What would be different in your life if the weight that you weigh right now was literally, truly, actually fine? What would you do if you knew deep down in your bones that attempting to reduce your weight was going to make you less healthy overall, while accepting your weight wherever it naturally wants to fall would make you more healthy?

Healthy habits are naturally a lot easier when you stop trying to lose weight. Exercise stops being punishment or a chore when you stop needing to “do it the right way” and can just do it however feels good. Eating becomes a lot more nourishing and enjoyable when you’re not tracking or stressing about the “right” way to eat, too.

Think about it: is it really “healthier” to hate yourself, feel afraid of messing up your diet, and eat a salad… than to love yourself, and eat a burger and fries without fear?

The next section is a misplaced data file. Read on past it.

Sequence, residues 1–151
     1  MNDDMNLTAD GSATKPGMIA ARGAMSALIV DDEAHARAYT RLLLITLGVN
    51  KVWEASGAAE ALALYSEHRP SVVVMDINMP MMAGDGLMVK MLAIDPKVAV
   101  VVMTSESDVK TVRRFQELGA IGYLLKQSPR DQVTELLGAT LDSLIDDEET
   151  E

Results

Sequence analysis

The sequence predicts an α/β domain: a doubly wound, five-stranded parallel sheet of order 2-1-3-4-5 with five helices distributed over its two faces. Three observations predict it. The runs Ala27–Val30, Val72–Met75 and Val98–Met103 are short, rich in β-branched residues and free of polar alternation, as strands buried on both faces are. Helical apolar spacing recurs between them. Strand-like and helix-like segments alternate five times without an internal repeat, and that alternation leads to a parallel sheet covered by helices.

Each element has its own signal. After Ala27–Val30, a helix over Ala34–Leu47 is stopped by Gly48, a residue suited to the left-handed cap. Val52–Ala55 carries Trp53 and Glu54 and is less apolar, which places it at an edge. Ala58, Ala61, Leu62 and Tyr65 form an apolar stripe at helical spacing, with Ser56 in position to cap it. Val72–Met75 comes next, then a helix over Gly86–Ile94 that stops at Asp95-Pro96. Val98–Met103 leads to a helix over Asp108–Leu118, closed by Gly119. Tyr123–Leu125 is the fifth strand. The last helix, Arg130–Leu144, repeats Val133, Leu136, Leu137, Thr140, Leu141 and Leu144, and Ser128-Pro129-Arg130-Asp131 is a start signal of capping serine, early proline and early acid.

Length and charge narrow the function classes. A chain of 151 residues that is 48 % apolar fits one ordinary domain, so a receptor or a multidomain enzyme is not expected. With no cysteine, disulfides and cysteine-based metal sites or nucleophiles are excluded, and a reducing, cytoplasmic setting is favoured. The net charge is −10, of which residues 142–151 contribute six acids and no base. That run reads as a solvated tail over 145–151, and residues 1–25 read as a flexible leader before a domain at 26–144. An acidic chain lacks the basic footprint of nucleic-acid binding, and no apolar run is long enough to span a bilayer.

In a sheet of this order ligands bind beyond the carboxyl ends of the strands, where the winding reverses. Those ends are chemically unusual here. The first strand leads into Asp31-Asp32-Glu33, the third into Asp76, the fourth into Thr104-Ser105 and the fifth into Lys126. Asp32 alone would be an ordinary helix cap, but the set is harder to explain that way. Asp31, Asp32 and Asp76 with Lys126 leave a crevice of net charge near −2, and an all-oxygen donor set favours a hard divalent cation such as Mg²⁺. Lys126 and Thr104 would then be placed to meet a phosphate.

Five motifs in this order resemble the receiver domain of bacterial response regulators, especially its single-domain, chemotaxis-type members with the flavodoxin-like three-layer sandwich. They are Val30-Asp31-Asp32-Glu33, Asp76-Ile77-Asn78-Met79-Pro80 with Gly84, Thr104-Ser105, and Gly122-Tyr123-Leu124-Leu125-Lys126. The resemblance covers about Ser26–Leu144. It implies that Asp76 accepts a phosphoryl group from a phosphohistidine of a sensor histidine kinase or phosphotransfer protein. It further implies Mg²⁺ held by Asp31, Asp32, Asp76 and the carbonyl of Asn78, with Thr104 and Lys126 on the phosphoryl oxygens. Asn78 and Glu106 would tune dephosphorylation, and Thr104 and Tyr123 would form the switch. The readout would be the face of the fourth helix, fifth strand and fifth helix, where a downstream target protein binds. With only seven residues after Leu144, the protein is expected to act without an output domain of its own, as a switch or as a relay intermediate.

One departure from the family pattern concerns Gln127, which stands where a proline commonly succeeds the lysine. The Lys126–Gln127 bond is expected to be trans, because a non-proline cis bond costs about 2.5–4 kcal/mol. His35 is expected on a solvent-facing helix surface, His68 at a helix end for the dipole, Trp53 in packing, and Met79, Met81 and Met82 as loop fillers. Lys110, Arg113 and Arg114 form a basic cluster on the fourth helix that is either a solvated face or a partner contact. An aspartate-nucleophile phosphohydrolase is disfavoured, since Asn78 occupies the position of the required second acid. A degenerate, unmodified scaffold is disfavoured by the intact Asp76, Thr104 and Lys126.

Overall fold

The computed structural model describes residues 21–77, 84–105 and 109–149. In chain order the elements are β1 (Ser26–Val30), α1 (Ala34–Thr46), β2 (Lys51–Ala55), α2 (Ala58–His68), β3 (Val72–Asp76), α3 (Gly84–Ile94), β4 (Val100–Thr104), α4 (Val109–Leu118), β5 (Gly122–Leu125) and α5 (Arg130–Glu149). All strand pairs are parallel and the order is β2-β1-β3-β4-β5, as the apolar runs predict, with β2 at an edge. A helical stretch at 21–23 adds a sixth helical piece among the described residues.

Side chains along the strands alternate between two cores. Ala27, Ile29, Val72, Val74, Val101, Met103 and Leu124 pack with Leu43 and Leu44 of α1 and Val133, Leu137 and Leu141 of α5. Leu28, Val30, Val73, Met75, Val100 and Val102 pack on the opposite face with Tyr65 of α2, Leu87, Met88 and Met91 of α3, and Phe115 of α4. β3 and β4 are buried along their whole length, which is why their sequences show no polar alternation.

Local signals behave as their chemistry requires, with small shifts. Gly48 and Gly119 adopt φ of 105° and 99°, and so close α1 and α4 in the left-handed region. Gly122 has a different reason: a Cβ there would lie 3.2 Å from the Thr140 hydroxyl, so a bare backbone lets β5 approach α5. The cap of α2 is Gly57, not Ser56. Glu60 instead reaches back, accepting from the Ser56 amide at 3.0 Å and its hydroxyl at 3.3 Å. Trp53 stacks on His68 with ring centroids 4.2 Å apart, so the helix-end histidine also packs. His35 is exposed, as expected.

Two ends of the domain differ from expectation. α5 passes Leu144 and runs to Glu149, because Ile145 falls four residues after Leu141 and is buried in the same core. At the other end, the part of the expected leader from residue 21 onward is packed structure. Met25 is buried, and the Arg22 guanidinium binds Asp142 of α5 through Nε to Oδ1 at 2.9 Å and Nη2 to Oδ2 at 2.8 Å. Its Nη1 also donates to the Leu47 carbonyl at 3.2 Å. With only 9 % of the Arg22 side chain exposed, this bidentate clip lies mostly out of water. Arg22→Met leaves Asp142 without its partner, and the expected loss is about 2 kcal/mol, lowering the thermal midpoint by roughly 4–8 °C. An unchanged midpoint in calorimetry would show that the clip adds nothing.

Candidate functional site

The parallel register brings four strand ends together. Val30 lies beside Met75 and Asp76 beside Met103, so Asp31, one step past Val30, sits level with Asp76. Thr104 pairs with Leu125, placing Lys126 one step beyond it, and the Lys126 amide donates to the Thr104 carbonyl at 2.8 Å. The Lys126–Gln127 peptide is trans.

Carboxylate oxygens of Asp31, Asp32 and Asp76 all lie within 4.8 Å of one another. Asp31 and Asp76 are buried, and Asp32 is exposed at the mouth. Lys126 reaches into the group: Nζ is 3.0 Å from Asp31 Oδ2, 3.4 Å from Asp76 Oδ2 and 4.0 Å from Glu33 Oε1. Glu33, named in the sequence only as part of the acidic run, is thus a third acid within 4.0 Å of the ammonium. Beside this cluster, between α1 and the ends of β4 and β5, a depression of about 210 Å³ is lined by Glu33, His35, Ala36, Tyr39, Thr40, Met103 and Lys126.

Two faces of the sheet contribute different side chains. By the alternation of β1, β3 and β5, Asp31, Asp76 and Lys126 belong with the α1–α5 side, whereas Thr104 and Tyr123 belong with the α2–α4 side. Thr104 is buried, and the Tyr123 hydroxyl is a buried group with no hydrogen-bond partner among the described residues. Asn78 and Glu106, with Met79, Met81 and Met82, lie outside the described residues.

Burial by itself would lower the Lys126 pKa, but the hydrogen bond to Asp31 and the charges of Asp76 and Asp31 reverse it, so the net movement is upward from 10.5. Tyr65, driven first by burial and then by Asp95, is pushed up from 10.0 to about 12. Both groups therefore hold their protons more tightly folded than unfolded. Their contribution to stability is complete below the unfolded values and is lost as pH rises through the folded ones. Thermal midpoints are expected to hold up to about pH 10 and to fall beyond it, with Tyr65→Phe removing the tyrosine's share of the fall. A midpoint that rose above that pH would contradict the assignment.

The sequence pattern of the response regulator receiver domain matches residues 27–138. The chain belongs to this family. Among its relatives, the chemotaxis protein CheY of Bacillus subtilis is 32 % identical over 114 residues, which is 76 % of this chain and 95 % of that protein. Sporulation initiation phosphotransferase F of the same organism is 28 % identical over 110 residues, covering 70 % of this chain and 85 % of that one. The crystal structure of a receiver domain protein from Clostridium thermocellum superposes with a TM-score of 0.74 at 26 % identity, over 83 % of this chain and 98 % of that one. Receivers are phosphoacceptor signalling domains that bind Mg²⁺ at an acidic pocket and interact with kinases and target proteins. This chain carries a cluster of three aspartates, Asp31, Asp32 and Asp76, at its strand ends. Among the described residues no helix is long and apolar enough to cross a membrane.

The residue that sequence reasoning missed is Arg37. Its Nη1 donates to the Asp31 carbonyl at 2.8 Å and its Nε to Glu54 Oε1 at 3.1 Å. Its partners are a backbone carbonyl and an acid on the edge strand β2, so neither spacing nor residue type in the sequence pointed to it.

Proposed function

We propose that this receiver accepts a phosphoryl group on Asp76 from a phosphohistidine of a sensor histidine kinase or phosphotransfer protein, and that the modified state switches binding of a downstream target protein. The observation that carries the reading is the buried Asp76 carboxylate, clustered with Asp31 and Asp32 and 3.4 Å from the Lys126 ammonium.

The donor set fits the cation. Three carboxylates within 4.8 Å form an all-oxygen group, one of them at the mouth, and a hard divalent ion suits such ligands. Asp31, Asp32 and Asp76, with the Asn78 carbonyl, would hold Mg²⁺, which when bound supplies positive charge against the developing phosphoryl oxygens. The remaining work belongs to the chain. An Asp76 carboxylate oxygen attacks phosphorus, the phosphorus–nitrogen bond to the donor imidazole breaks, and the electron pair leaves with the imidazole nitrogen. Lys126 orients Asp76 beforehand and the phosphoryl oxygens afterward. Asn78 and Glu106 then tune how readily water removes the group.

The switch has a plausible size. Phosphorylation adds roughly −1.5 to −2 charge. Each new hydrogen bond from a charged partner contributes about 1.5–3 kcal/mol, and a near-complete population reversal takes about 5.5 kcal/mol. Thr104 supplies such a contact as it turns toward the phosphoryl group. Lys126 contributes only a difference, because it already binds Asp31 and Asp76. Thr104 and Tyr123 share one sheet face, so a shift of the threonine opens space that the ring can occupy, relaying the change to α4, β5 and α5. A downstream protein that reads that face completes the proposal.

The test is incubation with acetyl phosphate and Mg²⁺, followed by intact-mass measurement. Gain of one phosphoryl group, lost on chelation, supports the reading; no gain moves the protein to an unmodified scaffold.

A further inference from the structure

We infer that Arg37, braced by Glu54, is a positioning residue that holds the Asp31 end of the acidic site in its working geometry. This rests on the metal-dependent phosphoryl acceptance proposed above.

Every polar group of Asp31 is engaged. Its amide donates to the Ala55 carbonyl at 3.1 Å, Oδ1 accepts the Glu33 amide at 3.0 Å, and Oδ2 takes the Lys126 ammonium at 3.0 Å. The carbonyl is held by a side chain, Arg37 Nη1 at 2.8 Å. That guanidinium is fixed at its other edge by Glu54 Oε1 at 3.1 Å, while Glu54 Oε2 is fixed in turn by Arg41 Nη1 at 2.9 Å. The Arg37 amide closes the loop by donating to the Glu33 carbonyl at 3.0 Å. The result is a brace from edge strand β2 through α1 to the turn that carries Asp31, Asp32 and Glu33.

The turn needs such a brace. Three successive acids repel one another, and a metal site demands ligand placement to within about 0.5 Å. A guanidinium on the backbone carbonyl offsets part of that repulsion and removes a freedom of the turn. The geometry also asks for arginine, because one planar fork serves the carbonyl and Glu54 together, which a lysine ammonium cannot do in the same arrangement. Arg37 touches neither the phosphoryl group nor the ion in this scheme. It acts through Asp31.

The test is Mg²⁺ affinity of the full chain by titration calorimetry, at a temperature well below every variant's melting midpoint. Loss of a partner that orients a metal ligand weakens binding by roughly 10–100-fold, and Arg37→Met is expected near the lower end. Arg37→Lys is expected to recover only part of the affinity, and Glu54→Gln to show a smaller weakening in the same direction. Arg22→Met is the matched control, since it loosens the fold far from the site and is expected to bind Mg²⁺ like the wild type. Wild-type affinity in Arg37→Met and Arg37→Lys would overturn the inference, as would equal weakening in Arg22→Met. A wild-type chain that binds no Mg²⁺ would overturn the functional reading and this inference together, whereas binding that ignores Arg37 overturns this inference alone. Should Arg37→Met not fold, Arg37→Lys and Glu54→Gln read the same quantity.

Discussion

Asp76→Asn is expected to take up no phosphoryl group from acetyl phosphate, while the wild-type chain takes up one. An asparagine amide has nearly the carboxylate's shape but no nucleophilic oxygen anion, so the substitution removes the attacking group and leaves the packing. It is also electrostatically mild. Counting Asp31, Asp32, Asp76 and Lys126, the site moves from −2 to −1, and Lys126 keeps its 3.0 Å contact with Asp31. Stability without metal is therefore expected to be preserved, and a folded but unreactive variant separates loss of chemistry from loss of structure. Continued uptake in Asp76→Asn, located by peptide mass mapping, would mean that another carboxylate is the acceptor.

All of this is up to you of course– but I believe you deserve so much better than spending your whole life stressed and obsessed in the pursuit of weight loss.

You have way more important shit to do with your time and your attention than diet.

If you want more support (and tools) on your journey to body-acceptance and bucking the diet culture, I will be launching my 12 week online group coaching program Authentic Body Confidence in just a few weeks. (Squee!!!)

If you want to get on the pre-registration list, sign up here and I’ll send you all the details when they’re ready!!

Wishing you a beautiful Tuesday,